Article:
Footman James was delighted to welcome back a variety of different classic vehicles and enthusiasts to Impney Estate, in what was a fantastic turnout for our first Coffee & Chrome meet of 2023.
Colder January temperatures weren’t enough to spoil the fun, with hundreds of owners enticed by the winning combination of classics, coffee, free breakfast rolls and the stunning backdrop of the Chateau and Impney Estate. All Coffee & Chrome visitors made an entrance, piquing the interest of petrolheads of all ages.
January’s Coffee & Chrome was also a chance to catch up over a coffee and meet new people in what is normally the quietest period in the show calendar. Footman James caught up with several owners on the day and found out what makes their classic so special to them. Here’s a small selection of who we spoke to…
Gary Parsons has owned ‘Norman’, his affectionately named Mini Clubman Estate, for the last eight years. During that time, Gary repaired Norman’s rusty doors and floors, finishing it off with a respray in its original colour - an oh-so-seventies shade of ‘Russet Brown’. Norman is powered by the lesser-seen 1098cc A-series engine, with Gary commenting that the larger Clubman front-end allows him more space to work in the engine bay.
“I bought it in fairly good condition, or so I thought,” Gary told us. “But I discovered it was suffering from rot in the usual areas that affect Minis. I have it the way I want it now and can’t see myself parting with it yet; how often do you see Clubman Estates?”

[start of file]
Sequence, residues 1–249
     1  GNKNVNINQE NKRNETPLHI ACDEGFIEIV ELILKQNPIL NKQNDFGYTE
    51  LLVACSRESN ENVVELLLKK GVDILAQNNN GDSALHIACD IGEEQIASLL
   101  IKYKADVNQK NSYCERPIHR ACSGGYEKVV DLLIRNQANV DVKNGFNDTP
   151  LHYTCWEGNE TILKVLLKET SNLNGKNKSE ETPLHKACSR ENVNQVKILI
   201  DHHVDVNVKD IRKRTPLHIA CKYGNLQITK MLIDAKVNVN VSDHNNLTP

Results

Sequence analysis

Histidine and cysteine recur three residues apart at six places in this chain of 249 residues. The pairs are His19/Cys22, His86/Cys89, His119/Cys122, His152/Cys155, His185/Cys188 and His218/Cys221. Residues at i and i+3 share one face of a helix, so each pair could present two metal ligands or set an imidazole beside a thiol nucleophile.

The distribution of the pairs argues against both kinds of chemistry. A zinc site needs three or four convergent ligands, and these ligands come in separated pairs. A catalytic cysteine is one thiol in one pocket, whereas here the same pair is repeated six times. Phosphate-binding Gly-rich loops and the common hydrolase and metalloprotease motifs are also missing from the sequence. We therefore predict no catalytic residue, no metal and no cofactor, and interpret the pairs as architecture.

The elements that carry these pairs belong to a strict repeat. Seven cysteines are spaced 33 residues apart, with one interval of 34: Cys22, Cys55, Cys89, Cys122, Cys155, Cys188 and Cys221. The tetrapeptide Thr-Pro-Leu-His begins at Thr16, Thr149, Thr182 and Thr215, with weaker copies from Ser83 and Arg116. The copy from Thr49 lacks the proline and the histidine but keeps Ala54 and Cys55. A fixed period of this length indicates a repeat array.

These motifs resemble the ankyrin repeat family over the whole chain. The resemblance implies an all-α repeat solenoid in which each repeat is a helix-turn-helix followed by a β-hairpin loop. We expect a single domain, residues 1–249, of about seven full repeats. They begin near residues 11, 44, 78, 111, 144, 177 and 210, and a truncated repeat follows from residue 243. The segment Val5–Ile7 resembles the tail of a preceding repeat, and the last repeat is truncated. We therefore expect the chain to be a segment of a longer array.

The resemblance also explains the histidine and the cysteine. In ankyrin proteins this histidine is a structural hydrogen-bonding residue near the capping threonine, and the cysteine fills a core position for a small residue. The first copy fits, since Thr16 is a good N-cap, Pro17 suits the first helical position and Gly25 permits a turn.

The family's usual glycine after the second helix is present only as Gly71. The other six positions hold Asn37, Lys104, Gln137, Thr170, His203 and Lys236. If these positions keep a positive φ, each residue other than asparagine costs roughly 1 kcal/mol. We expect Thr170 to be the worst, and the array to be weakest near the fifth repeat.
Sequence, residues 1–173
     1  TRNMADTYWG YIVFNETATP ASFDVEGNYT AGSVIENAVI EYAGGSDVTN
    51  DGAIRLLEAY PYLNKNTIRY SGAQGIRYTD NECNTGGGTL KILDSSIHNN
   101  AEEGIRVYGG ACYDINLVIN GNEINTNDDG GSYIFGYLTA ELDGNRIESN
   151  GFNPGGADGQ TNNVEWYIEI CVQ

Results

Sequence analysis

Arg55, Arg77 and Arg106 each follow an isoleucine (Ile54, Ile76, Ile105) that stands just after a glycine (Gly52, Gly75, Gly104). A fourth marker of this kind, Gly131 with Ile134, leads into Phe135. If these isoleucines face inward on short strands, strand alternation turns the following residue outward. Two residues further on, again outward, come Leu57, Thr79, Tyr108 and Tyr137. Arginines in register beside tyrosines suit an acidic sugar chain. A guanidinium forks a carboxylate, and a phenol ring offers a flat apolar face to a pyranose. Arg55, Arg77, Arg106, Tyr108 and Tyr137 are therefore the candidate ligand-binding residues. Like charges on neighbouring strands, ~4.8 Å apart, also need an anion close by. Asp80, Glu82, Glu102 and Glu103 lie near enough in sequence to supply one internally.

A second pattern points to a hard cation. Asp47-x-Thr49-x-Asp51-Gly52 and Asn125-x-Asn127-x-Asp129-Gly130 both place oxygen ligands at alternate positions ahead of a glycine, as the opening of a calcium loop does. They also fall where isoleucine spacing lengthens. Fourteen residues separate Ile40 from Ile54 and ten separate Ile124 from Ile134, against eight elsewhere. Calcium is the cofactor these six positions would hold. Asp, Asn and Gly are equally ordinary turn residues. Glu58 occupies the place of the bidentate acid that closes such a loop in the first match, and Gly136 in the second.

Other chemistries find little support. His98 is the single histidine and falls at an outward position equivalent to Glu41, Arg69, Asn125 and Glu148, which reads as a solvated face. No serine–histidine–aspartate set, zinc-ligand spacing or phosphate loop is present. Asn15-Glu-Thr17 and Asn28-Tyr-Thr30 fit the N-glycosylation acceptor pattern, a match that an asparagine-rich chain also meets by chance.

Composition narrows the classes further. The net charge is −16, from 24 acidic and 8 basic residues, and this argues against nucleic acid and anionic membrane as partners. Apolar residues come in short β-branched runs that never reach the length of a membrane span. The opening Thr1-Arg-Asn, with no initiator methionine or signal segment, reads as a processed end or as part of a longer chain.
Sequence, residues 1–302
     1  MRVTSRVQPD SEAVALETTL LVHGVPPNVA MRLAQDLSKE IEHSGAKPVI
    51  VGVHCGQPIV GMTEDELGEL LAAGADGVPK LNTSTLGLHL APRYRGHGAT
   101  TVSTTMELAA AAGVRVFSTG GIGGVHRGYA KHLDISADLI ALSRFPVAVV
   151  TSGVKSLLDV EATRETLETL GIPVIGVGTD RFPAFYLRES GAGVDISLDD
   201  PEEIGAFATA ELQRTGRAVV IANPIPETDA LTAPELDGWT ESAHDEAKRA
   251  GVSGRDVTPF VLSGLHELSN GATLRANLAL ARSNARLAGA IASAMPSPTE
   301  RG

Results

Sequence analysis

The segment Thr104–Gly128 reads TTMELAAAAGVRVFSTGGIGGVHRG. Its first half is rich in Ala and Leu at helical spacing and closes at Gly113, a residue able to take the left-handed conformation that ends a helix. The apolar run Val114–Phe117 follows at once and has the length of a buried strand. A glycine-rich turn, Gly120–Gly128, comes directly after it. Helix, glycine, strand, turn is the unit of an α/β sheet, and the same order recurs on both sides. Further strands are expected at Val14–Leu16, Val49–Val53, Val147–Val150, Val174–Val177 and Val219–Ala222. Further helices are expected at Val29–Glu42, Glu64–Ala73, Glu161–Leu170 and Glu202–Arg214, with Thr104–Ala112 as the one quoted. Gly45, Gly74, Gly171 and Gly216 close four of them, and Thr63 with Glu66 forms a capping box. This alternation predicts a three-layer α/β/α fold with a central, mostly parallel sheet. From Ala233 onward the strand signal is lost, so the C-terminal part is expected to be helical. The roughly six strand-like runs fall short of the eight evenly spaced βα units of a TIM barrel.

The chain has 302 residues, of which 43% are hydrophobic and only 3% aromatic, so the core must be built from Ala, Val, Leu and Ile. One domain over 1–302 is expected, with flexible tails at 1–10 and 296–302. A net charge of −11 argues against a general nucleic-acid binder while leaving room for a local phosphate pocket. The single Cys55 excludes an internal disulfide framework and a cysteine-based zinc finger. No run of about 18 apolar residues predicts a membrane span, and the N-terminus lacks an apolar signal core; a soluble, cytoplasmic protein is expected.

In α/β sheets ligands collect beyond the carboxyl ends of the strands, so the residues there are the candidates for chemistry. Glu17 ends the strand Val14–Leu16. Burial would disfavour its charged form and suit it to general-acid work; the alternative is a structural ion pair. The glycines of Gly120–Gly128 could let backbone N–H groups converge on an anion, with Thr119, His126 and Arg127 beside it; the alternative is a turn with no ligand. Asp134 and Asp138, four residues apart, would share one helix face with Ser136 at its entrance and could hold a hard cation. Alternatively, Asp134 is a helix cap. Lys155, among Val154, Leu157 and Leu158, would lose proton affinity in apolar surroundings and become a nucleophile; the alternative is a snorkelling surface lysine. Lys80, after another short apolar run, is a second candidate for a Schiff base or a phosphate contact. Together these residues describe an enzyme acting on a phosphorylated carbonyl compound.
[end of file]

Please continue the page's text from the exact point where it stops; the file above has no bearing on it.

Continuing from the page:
Gary is a fan of all Minis, but he has a particular interest in saving the less common variants. Included in his collection are examples of the short-lived Wolseley Hornet and Riley Elf - models that were Mini-based but with an extended boot lid, which added 8.5-inches to their overall length.
Owner Paul Willets and grandson Harry arrived in an extremely well-loved example of the Nissan 300ZX twin-turbo, which Paul has owned for over 22 years. It’s a rare UK-spec car, equipped with an equally rare manual gearbox, and has only covered 45,000 miles from new.
Paul said: “I use the car on nice days and for car shows. The car is all original, apart from the fitment of newer 350Z wheels. That has enabled me to keep the original and now rare-to-source alloy wheels in excellent condition. In return for keeping on top of the maintenance, I get to run a classic that’s been cheap to own for many years."
It’s a star of the small screen too – back in 2003, Paul’s 300 ZX featured in a ‘generation game’ on BBC’s Top Gear, which saw it compete in a drag race with the contemporary Nissan 350Z. We won’t reveal which car won, but it’s fair to say Paul wasn’t unhappy with the result…
The eagle-eyed among you may have already noticed a similarity in owner David Large’s name and that of the pre-war car he arrived in, which he has owned for two years.
“Funnily enough, I’m not a long lost relative of Louis Delâge, the company’s French founder,” David said. “The name similarity is partly the reason why I bought it. People appreciate my sense of humour, and it’s always a conversation starter at shows which raises a smile.”
David’s 2.5-litre, straight-six, side valve DR70 has an interesting history. The original owners were two brothers from New Zealand, who travelled to the Paris Motor Show to purchase it. Delage sold it to them a motorised chassis, meaning that it had everything minus the bodywork, which was common at that time. When the motorised chassis arrived in New Zealand, a coachbuilder was given the task of constructing the bodywork, designed to meet the two brother’s requirements.